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USDA - Organic
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How meaningful is the label? Is the label verified? Is the meaning of the label consistent? Are the label standards publicly available? Is information about the organization publicly available? Is the organization free from conflict of interest? Was the label developed with broad public and industry input?
Highly Yes No1 Yes Yes Yes Yes
1. The meaning of the organic labels is different for food than for cosmetics and personal care products.
Organic, Not Genetically Modified (non-GMO/GMO free)

  • BEEF
  • EGGS
  • LAMB
  • PORK

    All organic certifiers must be accredited by the USDA. Only products containing at least 95% organic ingredients may display the USDA Organic seal in addition to the certifier’s logo.

    Standard Requirements for Organic Production

    All organic labels on food (except seafood) must meet the same USDA standards. See below for exceptions for personal care products and fish. All products (food, personal care products, clothing, etc.) displaying the USDA Organic seal are produced according to the same federal organic standards.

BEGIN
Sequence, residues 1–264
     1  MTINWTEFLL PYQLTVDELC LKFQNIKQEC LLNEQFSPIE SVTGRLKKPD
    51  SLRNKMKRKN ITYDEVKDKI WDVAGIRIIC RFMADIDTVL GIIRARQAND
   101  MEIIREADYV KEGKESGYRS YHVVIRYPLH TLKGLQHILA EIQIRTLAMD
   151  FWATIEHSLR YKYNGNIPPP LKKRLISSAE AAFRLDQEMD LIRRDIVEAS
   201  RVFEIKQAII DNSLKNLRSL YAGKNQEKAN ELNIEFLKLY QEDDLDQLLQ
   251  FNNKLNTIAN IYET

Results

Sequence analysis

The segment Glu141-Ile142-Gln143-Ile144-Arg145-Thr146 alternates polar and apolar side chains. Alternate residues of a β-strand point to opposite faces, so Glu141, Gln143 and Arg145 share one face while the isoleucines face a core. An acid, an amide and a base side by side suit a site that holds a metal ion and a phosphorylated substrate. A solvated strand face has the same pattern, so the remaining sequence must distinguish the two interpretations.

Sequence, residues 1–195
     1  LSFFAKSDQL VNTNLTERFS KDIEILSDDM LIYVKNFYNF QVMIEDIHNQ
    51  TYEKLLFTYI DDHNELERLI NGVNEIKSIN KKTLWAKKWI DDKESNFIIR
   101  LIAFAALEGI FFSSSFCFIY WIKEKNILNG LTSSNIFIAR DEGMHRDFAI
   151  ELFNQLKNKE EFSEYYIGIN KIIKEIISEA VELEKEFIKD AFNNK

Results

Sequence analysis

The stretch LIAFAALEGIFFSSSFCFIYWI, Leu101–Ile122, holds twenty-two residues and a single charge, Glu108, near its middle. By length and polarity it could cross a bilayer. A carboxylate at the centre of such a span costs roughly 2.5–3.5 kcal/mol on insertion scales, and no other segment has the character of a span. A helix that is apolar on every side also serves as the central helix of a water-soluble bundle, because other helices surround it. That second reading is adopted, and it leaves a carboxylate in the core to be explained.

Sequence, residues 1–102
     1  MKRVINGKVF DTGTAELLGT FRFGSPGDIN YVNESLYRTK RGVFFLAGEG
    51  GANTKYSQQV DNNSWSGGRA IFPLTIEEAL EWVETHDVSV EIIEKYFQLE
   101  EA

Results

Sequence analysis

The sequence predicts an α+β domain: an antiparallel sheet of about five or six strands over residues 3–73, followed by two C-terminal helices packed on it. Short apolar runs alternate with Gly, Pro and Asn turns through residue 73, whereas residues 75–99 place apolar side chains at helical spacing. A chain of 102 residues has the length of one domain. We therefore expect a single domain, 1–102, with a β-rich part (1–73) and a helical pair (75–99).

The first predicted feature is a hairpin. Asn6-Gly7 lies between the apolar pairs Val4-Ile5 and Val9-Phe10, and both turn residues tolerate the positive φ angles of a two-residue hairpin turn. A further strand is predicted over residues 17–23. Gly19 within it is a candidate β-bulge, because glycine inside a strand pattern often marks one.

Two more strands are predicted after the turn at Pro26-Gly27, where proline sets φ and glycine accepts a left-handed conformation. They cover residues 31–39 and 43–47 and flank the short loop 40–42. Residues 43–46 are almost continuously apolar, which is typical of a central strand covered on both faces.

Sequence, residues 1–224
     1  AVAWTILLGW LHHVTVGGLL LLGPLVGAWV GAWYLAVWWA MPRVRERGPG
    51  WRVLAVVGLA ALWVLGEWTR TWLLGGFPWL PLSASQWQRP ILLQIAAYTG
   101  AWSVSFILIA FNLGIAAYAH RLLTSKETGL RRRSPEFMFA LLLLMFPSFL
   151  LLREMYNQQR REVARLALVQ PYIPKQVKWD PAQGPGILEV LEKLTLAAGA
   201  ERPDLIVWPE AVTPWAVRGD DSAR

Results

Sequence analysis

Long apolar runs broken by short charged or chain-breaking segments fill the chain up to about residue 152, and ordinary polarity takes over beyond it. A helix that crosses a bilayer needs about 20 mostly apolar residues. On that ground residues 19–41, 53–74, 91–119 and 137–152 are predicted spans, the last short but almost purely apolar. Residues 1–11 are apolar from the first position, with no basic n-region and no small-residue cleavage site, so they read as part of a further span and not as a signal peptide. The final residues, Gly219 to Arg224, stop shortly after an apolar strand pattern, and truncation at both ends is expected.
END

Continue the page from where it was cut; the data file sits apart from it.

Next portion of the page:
Tiers of Organic Labeling

    There are three different tiers of organic labeling. The percentage level of organic ingredients determines what tier of organic labeling should be used.

    100% Organic
    According to the USDA’s national organic standards, products labeled as “100 percent organic” must contain only organically produced ingredients. Products containing 100% organic ingredients may display the USDA Organic seal and the certifier’s logo, and must identify the certifying agent.

    To be labeled as "organic," 95% of the ingredients must be organically grown and the remaining 5% may be non-organic agricultural ingredients or synthetic substances that have been approved for use in organics by the USDA. These products are also allowed to display the USDA organic seal and certifier’s logo, and must identify the certifying agent.

    Made With Organic Ingredients